United States District Court, D. Nevada
ULTRAMAX PRODUCTS LTD., A United Kingdom Limited Company, Plaintiff,
ANTHONY MICHAEL MITCHELL, An individual residing in Nevada, Defendant.
C. JONES UNITED STATES DISTRICT JUDGE.
Defendant, claiming to be unrepresented,  filed two motions
contemporaneously: Motion to Quash (ECF No. 14) and Motion to
Dismiss (ECF No. 15). In these motions, the Defendant asks
this Court to quash service and to dismiss the case pursuant
to Federal Rule of Civil Procedure (FRCP) 12(b). Together the
motions raise the defenses: (1) lack of subject-matter
jurisdiction, (2) lack of personal jurisdiction, (3) improper
venue, and (4) insufficient service of process. The Court
finds that all of the defenses are meritless and denies the
Plaintiff raises six counts against the Defendant under
federal intellectual property law and one count under Nevada
law for deceptive trade practices and false advertising. The
Defendant did not file anything in this case besides these
motions, more than seven weeks after the Plaintiff submitted
an affidavit that service was executed. The failure to file
anything for seven weeks after service raises concerns about
timeliness. Fed.R.Civ.P. 12(a)(1)(A)(i) (allotting twenty-one
days to file an answer). The Court does not presently address
timeliness, since the motions raise issues that could void a
default judgment were the Court to grant one. Fed.R.Civ.P.
courts are courts of limited subject-matter jurisdiction and
only have the power to hear cases under the authority of the
Constitution or statute. Kokkonen v. Guardian Life Ins.
Co. of Am., 511 U.S. 375, 377 (1994). The party
asserting that federal jurisdiction is proper bears the
burden of proving the presumption against it. Id.
FRCP 12(b)(1) provides an affirmative defense for lack of
subject-matter jurisdiction. When a federal court concludes
that it lacks subject-matter jurisdiction, it must dismiss
the complaint. Fed.R.Civ.P. 12(h)(3); Arbaugh v. Y &
H Corp., 546 U.S. 500, 514 (2006).
avenue for a federal court to find subject-matter
jurisdiction is federal question jurisdiction. This type of
jurisdiction allows a federal court to hear “all civil
actions arising under the Constitution, laws, or treaties of
the United States.” 28 U.S.C. § 1331.
“Arising under” requires that the plaintiff's
complaint raises federal causes of action-defenses and
counterclaims are not relevant. In re Border
Infrastructure Envtl. Litig., 915 F.3d 1213, 1222 (9th
Cir. 2019) (citing Louisville & Nashville R. Co. v.
Mottley, 211 U.S. 149, 152 (1908)).
Plaintiff raises causes of action under both federal and
state law, then the Court may, in its discretion, invoke
supplemental jurisdiction over the state law claims under 28
U.S.C. § 1367. In order for supplemental jurisdiction to
be proper, the “state and federal claims must derive
from a common nucleus of operative fact.” United
Mine Workers of Am. v. Gibbs, 383 U.S. 715, 725 (1966).
defendant may move to dismiss for lack of personal
jurisdiction. See Fed. R. Civ. P. 12(b)(2).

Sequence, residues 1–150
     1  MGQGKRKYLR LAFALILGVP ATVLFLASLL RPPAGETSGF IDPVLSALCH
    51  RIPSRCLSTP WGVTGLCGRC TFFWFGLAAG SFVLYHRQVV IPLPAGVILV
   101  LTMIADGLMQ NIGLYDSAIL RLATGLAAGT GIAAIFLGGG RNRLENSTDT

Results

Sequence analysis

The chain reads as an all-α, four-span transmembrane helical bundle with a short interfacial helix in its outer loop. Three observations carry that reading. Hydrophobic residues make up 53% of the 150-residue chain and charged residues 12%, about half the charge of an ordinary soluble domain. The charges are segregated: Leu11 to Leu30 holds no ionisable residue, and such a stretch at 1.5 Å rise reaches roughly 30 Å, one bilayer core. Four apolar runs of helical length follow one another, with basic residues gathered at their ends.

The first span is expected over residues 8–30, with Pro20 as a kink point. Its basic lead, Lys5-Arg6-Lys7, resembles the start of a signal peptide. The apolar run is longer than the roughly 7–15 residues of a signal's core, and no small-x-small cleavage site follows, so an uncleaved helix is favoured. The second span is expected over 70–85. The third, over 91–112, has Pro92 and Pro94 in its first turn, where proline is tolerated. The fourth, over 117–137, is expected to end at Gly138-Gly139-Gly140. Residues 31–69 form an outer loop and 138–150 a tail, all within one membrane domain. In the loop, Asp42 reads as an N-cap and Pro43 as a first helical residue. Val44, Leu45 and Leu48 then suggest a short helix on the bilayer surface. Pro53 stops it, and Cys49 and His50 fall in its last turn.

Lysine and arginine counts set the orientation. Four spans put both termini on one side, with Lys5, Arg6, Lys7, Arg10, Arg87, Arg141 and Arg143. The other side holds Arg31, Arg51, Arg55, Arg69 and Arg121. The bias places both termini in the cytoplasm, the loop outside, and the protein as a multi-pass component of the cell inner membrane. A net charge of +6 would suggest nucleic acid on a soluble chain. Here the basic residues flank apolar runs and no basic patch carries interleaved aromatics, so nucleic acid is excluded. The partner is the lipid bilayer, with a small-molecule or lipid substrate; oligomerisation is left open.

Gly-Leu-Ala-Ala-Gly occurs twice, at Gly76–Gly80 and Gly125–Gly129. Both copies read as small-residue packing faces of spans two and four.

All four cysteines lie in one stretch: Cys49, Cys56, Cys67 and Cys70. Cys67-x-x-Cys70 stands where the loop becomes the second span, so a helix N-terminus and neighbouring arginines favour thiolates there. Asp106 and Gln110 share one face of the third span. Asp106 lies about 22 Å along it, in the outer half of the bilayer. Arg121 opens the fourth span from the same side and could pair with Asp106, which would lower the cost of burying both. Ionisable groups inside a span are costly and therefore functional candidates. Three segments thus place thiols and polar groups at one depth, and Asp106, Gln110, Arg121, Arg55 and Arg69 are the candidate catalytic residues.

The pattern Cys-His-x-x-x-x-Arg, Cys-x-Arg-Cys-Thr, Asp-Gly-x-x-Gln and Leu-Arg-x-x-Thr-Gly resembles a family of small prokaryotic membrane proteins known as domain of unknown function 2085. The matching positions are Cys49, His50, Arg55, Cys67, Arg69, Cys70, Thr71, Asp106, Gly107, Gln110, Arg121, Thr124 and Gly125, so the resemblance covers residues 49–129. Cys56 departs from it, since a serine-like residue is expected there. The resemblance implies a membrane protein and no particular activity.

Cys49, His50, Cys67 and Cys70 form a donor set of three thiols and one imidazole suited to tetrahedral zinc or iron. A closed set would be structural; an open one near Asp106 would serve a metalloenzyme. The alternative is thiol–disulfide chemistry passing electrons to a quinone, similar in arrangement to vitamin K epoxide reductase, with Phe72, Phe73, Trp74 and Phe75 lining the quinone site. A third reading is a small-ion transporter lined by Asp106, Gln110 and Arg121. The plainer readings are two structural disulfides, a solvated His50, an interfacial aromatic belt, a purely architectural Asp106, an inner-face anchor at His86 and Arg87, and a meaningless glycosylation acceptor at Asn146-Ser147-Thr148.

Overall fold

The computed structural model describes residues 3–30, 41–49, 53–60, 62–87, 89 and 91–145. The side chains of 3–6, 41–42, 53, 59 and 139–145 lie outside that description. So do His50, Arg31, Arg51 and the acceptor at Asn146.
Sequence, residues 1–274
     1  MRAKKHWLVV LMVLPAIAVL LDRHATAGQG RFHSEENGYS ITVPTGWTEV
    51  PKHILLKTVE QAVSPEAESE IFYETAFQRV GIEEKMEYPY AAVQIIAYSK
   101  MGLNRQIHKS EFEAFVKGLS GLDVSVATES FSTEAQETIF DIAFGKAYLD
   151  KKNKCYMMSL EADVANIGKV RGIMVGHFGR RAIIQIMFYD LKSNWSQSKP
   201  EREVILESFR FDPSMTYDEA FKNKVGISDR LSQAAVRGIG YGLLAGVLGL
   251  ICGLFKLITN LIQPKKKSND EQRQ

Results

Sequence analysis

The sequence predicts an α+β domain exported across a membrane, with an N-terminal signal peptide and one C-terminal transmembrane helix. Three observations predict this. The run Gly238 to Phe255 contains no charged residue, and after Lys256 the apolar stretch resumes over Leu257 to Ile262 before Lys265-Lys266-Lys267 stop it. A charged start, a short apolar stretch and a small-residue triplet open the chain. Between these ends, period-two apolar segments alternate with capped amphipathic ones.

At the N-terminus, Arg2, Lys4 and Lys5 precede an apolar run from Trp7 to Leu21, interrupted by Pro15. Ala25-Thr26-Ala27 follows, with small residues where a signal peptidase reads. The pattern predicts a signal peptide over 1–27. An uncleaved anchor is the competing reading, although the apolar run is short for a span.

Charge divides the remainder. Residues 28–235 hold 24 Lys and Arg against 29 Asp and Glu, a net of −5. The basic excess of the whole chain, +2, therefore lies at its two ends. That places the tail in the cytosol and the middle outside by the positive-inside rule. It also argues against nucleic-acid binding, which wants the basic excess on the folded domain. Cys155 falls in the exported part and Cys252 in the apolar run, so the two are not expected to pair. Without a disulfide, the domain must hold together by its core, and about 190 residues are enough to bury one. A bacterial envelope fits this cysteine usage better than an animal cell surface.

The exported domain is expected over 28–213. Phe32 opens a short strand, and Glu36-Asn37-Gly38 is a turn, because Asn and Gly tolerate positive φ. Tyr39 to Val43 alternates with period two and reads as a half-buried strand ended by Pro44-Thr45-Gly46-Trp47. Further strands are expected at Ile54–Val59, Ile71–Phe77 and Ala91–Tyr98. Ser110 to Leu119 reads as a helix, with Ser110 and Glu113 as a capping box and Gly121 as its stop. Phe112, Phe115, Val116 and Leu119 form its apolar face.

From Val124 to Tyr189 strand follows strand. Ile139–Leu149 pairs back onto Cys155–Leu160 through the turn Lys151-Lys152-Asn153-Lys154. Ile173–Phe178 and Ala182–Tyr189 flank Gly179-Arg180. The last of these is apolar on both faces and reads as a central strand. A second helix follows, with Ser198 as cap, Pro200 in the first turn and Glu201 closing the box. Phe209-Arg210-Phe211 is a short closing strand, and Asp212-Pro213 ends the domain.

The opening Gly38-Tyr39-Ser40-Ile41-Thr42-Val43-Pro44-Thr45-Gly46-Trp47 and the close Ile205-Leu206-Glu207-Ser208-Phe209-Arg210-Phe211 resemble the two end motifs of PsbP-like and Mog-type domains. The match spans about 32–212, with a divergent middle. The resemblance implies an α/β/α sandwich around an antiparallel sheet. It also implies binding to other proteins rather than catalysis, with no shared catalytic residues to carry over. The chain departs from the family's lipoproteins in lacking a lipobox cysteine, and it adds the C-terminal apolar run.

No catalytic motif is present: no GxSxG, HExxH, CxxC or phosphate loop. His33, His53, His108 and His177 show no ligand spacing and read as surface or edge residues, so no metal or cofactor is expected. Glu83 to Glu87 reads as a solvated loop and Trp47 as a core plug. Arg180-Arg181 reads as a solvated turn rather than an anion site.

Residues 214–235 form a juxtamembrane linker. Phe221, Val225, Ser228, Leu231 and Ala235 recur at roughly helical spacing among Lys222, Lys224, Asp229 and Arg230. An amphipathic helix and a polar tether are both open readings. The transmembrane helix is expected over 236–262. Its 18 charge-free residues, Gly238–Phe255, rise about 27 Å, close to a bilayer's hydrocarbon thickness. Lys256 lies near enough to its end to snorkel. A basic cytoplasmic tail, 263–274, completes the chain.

Jurisdiction exists if: (1) provided for by law and (2) the
exercise of jurisdiction comports with due process. See
Greenspun v. Del E. Webb Corp., 634 F.2d 1204, 1207 (9th
Cir. 1980). When no federal statute governs personal
jurisdiction, a federal court applies the law of the forum
state. See Boschetto v. Hansing, 539 F.3d 1011, 1015
(9th Cir. 2008). Where a state has a “long-arm”
statute providing its courts' jurisdiction to the fullest
extent permitted by the Due Process Clause of the Fourteenth
Amendment, as Nevada does, Southport Lane Equity II, LLC
v. Downey, 177 F.Supp.3d 1286, 1290 (D. Nev. 2016), a
court need only address federal due process standards,
see Boschetto, 539 F.3d at 1015. Thus, the exercise
of personal jurisdiction in Nevada need only comport with the
Due Process Clause of the Fourteenth Amendment.
are two categories of personal jurisdiction: general
jurisdiction and specific jurisdiction. In the
mid-to-late-Twentieth Century, the federal courts developed a
rule that general jurisdiction existed over a defendant in
any state with which the defendant had
“substantial” or “continuous and
systematic” contacts such that the assertion of
personal jurisdiction over him would be constitutionally fair
even where the claims at issue were unrelated to those
contacts. See Tuazon v. R.J. Reynolds Tobacco Co.,
433 F.3d 1163, 1171 (9th Cir. 2006).
where there is no general jurisdiction over a defendant,
specific jurisdiction exists when there are sufficient
contacts with the forum state such that the assertion of
personal jurisdiction “does not offend
‘traditional notions of fair play and substantial
justice.'” Int'l Shoe Co. v. State of
Wash., Office of Unemployment Comp. & Placement, 326
U.S. 310, 316 (1945) (quoting Milliken v. Meyer, 311
U.S. 457, 463 (1940)). The Ninth Circuit has developed a
three-part test for specific jurisdiction:
(1) The non-resident defendant must purposefully direct his
activities or consummate some transaction with the forum or
resident thereof; or perform some act by which he
purposefully avails himself of the privilege of conducting
activities in the ...